Australia must cut military ties with Turkey

October 24, 2019
A protest against Turkey's invasion of Rojava, in Melbourne on October 12.
A protest against Turkey's invasion of Rojava, in Melbourne on October 12. Photo: Jacob Andrewartha

A few years ago the world was horrified when Islamic State of Iraq and Syria (ISIS) troops ran amok in the Middle East.

However, the ISIS advance came up against the Kurdish-led People's Protection Units (YPG) and Women's Protection Units (YPJ), which are based in the northern part of Syria known as Rojava and are today part of the Syrian Democratic Forces (SDF).

Made up of mostly Kurds, but including other ethnic groups, the SDF is motivated by ideas of grassroots democracy, women's rights, and ethnic and religious tolerance. After fierce battles in Aleppo, Kobane, Raqqa, Mosul and other places, the SDF defeated ISIS.

Influenced by the radical democratic ideas of Abdullah Ocalan, a Kurdish leader who has been imprisoned by Turkey since 1999, the people of Rojava have built up forms of autonomous local government in the region.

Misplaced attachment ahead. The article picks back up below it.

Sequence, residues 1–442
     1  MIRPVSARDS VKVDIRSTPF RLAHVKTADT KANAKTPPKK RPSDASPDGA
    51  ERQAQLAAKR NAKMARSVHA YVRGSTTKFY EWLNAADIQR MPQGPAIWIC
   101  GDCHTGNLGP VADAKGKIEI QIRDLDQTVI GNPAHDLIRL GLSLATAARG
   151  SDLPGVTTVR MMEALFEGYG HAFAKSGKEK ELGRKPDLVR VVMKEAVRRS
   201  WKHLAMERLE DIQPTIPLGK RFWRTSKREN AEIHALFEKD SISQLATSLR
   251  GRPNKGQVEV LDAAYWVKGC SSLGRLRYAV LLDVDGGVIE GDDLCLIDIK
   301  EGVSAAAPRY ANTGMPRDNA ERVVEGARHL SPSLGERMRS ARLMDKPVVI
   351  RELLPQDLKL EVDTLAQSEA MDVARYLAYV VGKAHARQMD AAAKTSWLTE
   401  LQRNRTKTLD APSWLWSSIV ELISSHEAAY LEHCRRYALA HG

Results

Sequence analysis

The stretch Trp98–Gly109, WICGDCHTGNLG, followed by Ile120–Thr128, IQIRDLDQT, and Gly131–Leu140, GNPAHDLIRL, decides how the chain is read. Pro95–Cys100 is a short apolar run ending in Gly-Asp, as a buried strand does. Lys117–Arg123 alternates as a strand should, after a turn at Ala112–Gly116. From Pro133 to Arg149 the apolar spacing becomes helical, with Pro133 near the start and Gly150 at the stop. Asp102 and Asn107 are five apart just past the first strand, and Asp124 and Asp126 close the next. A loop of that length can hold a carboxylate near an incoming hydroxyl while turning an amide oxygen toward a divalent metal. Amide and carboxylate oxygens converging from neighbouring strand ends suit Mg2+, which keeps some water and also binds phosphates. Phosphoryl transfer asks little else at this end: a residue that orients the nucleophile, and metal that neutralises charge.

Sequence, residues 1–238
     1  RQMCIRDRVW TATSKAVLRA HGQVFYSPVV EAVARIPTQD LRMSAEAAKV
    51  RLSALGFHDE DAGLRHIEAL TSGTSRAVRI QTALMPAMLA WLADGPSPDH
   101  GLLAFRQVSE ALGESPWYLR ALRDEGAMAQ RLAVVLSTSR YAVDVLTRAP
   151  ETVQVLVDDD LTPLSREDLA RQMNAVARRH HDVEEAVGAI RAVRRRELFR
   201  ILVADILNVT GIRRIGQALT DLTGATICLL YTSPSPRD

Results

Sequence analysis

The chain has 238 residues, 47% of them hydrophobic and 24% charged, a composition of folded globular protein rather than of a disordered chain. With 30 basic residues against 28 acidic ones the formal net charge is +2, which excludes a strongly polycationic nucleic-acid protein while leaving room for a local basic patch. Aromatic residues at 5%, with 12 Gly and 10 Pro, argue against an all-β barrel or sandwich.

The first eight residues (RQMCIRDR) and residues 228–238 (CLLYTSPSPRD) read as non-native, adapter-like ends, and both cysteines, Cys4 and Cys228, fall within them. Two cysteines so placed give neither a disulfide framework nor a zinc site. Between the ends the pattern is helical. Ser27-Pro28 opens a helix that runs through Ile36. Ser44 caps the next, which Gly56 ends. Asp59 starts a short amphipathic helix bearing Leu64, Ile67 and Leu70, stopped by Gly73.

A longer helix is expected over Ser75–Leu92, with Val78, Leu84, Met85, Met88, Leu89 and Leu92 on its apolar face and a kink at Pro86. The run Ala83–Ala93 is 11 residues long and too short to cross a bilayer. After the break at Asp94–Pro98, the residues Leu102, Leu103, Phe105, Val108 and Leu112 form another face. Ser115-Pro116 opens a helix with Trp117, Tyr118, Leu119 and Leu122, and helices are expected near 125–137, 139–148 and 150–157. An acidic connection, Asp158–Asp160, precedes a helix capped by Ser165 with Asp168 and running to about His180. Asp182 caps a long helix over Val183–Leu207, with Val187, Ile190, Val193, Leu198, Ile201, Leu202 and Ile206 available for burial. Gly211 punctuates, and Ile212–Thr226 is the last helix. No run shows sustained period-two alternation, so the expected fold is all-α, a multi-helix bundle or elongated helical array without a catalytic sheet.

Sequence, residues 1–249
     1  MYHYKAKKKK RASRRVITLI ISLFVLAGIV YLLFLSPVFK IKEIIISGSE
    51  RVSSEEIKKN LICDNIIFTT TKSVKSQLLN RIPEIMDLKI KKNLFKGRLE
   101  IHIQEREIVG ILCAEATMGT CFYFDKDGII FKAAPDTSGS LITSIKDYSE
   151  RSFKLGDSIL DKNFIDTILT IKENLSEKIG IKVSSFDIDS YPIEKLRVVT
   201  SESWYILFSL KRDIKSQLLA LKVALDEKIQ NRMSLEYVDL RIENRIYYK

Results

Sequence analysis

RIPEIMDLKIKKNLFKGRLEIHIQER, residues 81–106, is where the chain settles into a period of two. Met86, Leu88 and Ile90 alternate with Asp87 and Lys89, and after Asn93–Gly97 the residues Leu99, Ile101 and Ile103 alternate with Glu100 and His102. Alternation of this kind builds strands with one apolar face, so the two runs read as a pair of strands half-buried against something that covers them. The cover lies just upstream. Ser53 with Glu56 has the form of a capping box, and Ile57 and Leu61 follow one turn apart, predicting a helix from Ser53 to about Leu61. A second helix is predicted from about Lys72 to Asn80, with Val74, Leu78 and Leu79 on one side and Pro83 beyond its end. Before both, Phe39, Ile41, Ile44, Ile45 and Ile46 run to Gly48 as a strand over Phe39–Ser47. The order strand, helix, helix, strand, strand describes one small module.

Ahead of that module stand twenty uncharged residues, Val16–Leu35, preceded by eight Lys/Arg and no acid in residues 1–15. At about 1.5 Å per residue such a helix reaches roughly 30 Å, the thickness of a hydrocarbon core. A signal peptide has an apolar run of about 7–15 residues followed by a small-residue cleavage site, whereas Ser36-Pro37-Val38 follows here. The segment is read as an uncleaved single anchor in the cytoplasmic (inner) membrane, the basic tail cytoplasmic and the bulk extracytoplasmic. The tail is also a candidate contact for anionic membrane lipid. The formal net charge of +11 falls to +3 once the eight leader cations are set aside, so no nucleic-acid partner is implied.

Their example has not been to the liking of the autocratic regimes in the region, in particular Turkey's President Recep Tayyip Ergodan. With the ISIS threat diminished, United States President Donald Trump gave the OK for Ergodan to invade Rojava.

This attack threatens a new genocide against the Kurds, Yezidi and other minorities in Rojava and could plunge Syria, if not the Middle East, into yet another war.

With Turkey in control, ISIS could well make a comeback if its former fighters are released from detention in Rojava, and Turkey again provides them with logistical support.

Turkey's claims of "security concerns" lack legitimacy. The SDF has never attacked Turkey, a country of 80 million people with a huge army.

If Prime Minister Scott Morrison is as concerned about refugees as he claims to be, Australia should condemn the invasion, end all military and security cooperation with Turkey and secure emergency aid for those being forced to flee the region.

[Zerebar Karimi is a unionist and Kurdish activist. An earlier version of this appeared in the Newcastle Herald.]

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